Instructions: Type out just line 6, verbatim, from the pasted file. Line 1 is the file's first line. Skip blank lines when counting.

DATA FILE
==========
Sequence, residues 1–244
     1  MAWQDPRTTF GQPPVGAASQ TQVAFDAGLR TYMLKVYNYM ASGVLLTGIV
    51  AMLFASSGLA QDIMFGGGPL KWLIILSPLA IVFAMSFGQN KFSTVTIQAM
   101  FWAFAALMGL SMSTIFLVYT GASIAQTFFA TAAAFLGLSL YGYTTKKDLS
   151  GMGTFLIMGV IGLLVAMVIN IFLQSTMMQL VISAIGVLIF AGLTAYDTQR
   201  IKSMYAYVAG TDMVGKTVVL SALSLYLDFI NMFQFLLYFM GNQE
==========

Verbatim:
   201  IKSMYAYVAG TDMVGKTVVL SALSLYLDFI NMFQFLLYFM GNQE